Dr. Robert Wright, a Puyallup surgeon the past 28 years, left for Milan, Italy, this week to present his 13th research paper to an international group of doctors.
That’s a remarkable number considering his lack of enthusiasm for research.
“Without motivated students, I don’t know that I’d have done much of the work that I’ve done with their help,” said Wright, 55.
His presentation to a conference on the subject of abdominal wall hernias will be shared by a 21-year-old Puyallup woman, Halli Wurst. She’s a premed student at the University of Arizona.
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“Having my name on a presentation like this helped me get a paid internship this summer,” Wurst said. “It’s something that makes me stand out from a lot of other premed students.”
For nearly 20 years, Wright practiced out of Good Samaritan Hospital. In 2007, he opened a surgical clinic in Puyallup, where his practice includes work on hernias, breast cancer, gall bladders and thyroid issues.
Along the way, he’s written for publications and presentations on topics including acid reflux, lymph node resections and hernia repairs.
At each step, he has reached out to local students interested in medicine.
“When I was in med school, an emergency room surgeon allowed me to shadow him and I learned a great deal,” Wright said. “I saw a 3-year-old child who’d been attacked by a rottweiler. Some lessons were on empathy.”
Knowing how much it helped him to “tag along” with a surgeon early on, Wright has encouraged his own job shadows — and offered research opportunities to others.
For some students, it helps sort out what they want to do with their lives. For others, it helps them decide what they don’t want to do.
“One of my first summers back as an undergraduate, I did some research with Dr. Wright on acid reflux after the repair of hiatal hernias,” Kelcey Rhodes said. “I think I was his first intern, and we published the paper in the American Journal of Surgery.
“I thought I was going into medicine. My experience with him helped me understand a day in the life of a surgeon, and I went into dentistry instead.”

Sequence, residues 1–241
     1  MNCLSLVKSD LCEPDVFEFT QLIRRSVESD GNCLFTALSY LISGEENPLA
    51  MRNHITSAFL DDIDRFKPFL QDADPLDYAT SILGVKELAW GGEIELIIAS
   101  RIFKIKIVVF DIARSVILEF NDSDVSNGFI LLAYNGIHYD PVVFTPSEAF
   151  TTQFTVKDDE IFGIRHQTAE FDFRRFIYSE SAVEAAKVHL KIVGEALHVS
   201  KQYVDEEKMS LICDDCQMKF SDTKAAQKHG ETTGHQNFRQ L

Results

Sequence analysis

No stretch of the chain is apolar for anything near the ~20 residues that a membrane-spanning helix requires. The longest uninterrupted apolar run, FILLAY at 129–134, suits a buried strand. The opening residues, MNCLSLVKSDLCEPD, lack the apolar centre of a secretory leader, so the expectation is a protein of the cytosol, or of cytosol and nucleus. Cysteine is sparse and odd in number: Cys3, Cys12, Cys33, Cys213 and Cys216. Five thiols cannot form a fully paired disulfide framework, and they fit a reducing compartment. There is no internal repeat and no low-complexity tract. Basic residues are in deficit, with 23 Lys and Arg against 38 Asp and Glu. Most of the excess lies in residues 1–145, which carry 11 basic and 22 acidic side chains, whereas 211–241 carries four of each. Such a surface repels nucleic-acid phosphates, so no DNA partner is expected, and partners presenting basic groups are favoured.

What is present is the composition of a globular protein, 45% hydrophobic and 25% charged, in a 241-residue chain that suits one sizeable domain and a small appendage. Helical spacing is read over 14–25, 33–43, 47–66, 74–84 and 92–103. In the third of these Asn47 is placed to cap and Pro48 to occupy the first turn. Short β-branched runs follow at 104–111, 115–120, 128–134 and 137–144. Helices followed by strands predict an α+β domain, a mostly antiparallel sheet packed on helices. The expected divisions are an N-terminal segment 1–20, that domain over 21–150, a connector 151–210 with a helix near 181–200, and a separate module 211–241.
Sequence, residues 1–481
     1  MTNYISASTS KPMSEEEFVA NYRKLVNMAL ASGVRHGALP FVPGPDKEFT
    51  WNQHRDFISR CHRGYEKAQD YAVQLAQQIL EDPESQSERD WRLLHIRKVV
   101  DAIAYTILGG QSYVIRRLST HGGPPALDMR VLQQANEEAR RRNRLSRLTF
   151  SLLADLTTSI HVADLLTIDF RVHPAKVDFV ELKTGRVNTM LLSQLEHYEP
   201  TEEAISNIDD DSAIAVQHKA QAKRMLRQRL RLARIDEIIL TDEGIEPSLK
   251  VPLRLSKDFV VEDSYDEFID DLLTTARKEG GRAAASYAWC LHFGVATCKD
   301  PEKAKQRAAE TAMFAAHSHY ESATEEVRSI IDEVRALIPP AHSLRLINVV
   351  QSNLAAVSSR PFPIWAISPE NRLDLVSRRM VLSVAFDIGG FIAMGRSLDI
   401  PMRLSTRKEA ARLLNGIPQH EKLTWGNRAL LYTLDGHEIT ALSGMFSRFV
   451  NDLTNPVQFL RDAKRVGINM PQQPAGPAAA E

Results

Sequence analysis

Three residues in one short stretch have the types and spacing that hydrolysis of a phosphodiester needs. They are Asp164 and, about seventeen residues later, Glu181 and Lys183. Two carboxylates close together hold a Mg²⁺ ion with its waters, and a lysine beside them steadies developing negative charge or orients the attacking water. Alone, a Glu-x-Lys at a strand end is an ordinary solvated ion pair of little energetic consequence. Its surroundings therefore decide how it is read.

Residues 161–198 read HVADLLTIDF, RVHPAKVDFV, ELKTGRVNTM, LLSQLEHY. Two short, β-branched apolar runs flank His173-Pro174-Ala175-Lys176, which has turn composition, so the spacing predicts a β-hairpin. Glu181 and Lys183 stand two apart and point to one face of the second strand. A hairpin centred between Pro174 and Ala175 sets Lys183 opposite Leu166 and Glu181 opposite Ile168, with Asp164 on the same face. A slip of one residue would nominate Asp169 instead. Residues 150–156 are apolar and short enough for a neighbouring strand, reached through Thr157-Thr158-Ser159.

Now Dr. Kelcey Rhodes has taken over the Puyallup dental practice of her father, Thomas Rhodes.
“Dr. Wright has the desire for helping young people to learn, to see them inspired. Local interns are his passion. He wants to share what medicine is doing for people and see if that would it be of interest to you.”
Born in Maryland and raised in Tukwila, Wright spent four years studying biology at Washington State University, four more studying medicine at the University of Washington.
Thirty years ago, he married wife Sally and began a family that included sons Richard, Daniel and Robert Jr., and daughter Julia.
No surprise, their family dentist is Rhodes.
“For all of his interns, things have worked out well,” Wurst said.
All were from Pierce County. The group has turned out a Chicago family practitioner, a pharmacist, a dentist and three students in medical school or in premed.
“I played volleyball with his daughter at Bellarmine,” Wurst said. “Dr. Wright heard I was premed and contacted me, gave me an amazing opportunity. Going to Milan now to deliver the paper? That’s amazing to me.”
Among the ironies is that Wright didn’t start out to become a doctor. He wanted to be a veterinarian.
“I came home after that first year (at WSU) and discovered at 19 I had a horrible allergy to dogs and cats,” he said. “Growing up, we’d always had them, and I guess I wrote off my symptoms as hay fever.
The decision to become a surgeon came with a price he wouldn’t fully understand for decades. At Good Samaritan, along with his regular office hours and patients, he would work the ER, usually in 72-hour on-call shifts.
“I missed a lot of the kids growing up,” Wright said. “That’s a regret. When we began this clinic in 2007, it changed my life. I found out what it was like to sleep through the night.”
The papers and presentations, he said, are the product of his professional curiosity.
“I’m a medical nerd,” he said. “I’m a blue-collar craftsman. I don’t do trauma surgery anymore, I do out-patient surgery. I enjoy giving young people a vision of medicine.”